President's to-do list, as he sat down with high-level contributors who donated
over $25,000 to his campaign for dinner at Wolfgang Puck's WP24
restaurant. With less than a month before voters decide, Obama will continue his
campaign tour of the country until Election Day.
Affirmative Action Faces a Supreme Test
The high court will hear a case that could affect African-American students'
access to higher education.
All Asians are geniuses.
African-Americans excel at basketball. White people are racists. Attributes —
aka stereotypes — such as these cannot realistically be applied to an entire
race, but in theory they often are by Americans whose formative years are spent
only among people who look just like them and grow up believing these and other
Diversity matters and it's one of
the arguments that U.S. Supreme Court justices will hear on Oct. 10 in defense of
the use of affirmative action in higher education.
In Fisher vs. University of Texas at Austin,
plaintiff Abigail Fisher, who is white, contends that the university, which considers
race as one factor in the admissions process, discriminated against her when it
rejected her undergraduate application in 2008.
Her disappointment is
understandable. Fisher had top grades and SAT scores and other great
qualifications. But UT, which in 1950 defended before the Supreme Court a state
law that barred admission to African-Americans, now has a policy that guarantees
admission to students in the top 10 percent of their high school graduating
class. The goal is to ensure that the university's student body includes a broad
range of backgrounds and a "critical mass" of minority students in as many
classrooms as possible.
"Diversity matters because for far too many,
college is the first time that students have meaningful opportunities to
interact and test their ideas and preconceptions with others," said Debo P.
Adegbile, acting president and director-counsel of the NAACP Legal Defense
and Educational Fund, in a conference call with reporters. "It's actually a
critical period where biases can be challenged and replaced with experiences
that allow people to appreciate just how much all of us share and to leave those
stereotypes that we've heard about behind."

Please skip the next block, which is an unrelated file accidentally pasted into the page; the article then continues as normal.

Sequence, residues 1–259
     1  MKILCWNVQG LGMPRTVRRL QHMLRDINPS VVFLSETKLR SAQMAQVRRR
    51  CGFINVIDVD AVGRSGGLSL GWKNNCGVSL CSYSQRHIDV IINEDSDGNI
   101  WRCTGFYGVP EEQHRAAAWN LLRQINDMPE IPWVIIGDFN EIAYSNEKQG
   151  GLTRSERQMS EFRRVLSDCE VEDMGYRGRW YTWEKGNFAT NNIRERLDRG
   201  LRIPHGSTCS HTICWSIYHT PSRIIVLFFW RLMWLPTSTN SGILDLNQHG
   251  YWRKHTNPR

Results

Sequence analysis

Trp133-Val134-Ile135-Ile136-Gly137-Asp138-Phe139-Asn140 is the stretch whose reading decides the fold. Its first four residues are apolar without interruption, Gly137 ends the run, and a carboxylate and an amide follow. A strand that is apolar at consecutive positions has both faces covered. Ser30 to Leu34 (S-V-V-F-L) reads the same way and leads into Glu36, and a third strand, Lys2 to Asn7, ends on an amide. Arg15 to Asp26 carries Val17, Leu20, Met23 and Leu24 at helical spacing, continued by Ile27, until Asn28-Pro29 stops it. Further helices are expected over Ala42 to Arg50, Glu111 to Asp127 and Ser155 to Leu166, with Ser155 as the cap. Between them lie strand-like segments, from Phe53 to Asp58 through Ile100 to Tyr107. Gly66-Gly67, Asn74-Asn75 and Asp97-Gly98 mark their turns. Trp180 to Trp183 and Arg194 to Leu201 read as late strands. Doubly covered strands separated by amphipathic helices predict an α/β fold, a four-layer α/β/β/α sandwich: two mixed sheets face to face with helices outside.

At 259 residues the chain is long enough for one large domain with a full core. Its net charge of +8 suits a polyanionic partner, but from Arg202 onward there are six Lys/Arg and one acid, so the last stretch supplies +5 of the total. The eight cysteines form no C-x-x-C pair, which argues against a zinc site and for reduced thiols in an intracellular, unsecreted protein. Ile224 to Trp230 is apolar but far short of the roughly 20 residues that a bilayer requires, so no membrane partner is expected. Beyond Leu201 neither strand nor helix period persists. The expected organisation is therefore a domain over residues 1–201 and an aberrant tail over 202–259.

Because Fisher ranked 82nd in
a class of 674, she didn't qualify for automatic admission. In addition, The
New York Times reports, university officials say that even without its
affirmative action program, Fisher, whose father and sister are UT graduates,
still wouldn't have been admitted.
Fisher will be the first time
that the court has heard an affirmative action case since 2003, when it upheld
Grutter vs. Bollinger in a five-to-four decision for the
University of Michigan Law School's limited use of affirmative
"The court expects that 25 years from now, the use of racial
preferences will no longer be necessary to further the interest approved today,"
wrote Justice Sandra Day O'Connor, who wrote the majority
O'Connor, now retired, has been replaced by the more
conservative Samuel Alito. In addition, Justice Elena Kagan, appointed by President Obama, has
recused herself because she previously served as a solicitor general in the
But the biggest question mark is Chief Justice
John Roberts, whose
surprise decision to support the Affordable Care Act earlier this year
outraged conservatives. He has previously opposed race-conscious policies. But
could he be the wild card again?
As the justices weigh the merits of
Fisher inside, protesters for and against affirmative action will be
outside the Supreme Court building making their own arguments. They include the
National Black Law
Students Association, which will hold a nation-wide day of action on campuses across the nation. The
organization also will post videos and photos with the catchphrase, "What would
our campus look like without us?"
"I think access to the pathway to
opportunity is really what's at stake. We're not saying that nobody will be able
to go to college, but there will be a substantial diminution in the number of
African-Americans who will be able to have access to top-flight universities and
all of the benefits that flow from that," said Adegbile. "It's not a
hypothetical issue in part because we have some examples, including California,
where the ability to consider race has been taken off the table as a factor in